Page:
It was well known that cavitation has the most marked effect in the noise spectra around 100kHz. The commercially available Bruel & Kjaer instruments, however, covered only the sonic range up to 20kHz. Nevertheless, Varga and Sebestyén [8,9,10] found that these instruments may still provide useful information on cavitation.

The effects of cavitation are typical even in the range of 10-20kHz, while other noises (motor, pump, other flow-born, environmental) are usually negligible in this range. The sound pressure level np was measured by a condenser microphone, and the vibration level ng by an accelerometer. Making the cavitation test in the tunnel with decreasing s, including sound or vibration level measurement at constant frequency in the above range, the ?p(s) or ?g(s) curves showed first an increasing section (developing cavitation) and after reaching a maximum, the level decreased (exhausting cavitation).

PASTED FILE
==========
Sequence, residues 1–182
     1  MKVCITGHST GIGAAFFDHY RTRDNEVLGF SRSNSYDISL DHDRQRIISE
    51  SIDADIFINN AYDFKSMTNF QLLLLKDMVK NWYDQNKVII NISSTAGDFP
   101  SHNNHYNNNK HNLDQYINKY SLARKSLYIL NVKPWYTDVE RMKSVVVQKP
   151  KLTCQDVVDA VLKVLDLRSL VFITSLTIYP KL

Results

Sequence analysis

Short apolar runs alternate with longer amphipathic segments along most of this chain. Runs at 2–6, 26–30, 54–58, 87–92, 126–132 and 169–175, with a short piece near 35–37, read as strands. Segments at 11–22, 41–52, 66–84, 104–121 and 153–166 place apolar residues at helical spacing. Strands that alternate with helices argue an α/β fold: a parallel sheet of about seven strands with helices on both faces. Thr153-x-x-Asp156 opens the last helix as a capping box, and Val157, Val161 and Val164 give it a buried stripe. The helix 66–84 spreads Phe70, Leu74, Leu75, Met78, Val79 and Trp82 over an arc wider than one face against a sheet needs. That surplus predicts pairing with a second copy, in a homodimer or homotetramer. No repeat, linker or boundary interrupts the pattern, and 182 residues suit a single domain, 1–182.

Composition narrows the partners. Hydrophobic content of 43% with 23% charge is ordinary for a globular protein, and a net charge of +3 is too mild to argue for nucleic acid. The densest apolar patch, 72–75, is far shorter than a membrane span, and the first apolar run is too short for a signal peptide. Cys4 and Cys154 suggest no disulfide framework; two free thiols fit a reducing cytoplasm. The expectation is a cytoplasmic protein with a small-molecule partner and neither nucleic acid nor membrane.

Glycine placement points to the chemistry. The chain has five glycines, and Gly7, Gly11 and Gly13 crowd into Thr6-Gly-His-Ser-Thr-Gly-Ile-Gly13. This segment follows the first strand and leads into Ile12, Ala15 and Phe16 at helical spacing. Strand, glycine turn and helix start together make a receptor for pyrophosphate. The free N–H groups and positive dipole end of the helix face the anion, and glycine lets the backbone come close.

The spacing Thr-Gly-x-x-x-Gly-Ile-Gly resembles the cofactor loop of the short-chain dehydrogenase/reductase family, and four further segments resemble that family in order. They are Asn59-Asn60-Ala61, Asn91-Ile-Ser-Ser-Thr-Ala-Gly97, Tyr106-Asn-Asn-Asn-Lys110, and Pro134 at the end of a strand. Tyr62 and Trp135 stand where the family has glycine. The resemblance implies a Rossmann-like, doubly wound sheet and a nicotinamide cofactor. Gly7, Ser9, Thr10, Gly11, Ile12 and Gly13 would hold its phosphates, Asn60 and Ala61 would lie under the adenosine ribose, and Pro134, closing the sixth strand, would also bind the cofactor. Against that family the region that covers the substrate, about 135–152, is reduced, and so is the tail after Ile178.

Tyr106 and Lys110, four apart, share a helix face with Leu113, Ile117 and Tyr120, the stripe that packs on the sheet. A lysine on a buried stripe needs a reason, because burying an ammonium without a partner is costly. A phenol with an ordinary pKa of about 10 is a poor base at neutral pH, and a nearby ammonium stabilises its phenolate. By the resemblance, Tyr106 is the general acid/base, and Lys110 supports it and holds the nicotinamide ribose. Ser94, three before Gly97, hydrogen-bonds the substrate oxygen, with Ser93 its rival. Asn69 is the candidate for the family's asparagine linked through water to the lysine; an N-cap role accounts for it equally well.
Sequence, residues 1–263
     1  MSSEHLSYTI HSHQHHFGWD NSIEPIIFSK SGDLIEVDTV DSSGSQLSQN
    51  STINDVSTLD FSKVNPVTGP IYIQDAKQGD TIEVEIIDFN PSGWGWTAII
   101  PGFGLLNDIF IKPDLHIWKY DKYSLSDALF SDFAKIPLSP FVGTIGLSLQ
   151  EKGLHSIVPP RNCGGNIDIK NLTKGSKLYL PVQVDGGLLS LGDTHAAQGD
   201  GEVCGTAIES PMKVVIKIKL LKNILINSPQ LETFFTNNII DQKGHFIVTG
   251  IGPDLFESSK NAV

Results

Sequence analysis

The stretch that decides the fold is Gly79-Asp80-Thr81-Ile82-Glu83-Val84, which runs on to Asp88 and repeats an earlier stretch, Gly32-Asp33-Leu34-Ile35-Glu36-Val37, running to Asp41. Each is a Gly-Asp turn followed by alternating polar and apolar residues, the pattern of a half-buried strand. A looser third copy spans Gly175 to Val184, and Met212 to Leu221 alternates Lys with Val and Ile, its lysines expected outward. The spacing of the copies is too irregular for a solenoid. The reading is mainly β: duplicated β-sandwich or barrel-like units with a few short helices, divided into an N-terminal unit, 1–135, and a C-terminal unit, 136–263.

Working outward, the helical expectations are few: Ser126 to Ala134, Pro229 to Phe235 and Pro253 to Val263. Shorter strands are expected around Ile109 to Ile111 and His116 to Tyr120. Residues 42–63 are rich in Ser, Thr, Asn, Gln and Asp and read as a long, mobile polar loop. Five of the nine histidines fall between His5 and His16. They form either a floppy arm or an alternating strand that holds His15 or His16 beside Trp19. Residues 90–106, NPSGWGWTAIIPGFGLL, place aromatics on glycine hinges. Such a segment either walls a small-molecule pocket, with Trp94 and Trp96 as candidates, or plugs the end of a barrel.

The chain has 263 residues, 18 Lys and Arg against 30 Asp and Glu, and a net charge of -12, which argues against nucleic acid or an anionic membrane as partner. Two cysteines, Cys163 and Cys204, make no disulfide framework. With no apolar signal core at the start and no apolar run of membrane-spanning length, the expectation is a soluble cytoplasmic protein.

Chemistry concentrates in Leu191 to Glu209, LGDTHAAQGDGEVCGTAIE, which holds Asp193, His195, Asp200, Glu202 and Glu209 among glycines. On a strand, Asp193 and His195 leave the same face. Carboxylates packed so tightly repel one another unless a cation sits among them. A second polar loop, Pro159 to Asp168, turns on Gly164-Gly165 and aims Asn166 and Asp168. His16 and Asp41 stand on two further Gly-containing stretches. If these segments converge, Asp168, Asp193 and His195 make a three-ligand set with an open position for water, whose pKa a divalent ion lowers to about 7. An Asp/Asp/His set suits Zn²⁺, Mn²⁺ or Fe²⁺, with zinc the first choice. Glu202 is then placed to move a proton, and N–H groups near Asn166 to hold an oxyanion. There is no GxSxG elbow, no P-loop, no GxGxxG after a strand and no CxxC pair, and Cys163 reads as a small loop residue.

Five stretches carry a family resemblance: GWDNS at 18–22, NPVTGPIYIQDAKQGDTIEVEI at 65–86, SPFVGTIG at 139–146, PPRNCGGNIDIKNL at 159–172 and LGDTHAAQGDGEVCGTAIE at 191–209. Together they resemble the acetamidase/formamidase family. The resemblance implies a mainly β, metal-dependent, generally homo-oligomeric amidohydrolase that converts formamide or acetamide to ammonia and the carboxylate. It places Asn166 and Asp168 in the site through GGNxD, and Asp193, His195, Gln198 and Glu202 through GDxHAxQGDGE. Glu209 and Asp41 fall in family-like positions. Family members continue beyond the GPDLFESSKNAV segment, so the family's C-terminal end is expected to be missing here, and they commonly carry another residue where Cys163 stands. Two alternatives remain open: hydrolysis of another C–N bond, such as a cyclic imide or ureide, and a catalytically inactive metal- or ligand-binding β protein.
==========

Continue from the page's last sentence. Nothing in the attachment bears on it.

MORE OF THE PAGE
The ?p(s) and ?g(s) curves resulted always in the same developing and exhausting s ranges. The placement of the sensors did not affect these ranges either. Cavitation damage tests were also made with lead plates placed to the wall of the cavitation tunnel. These proved that maximum damage rate was obtained at the same s where maximum noise or vibration was observed. Thus, the s value of the most dangerous condition could be determined from the ?p(s) or ?g(s) curve [8,9].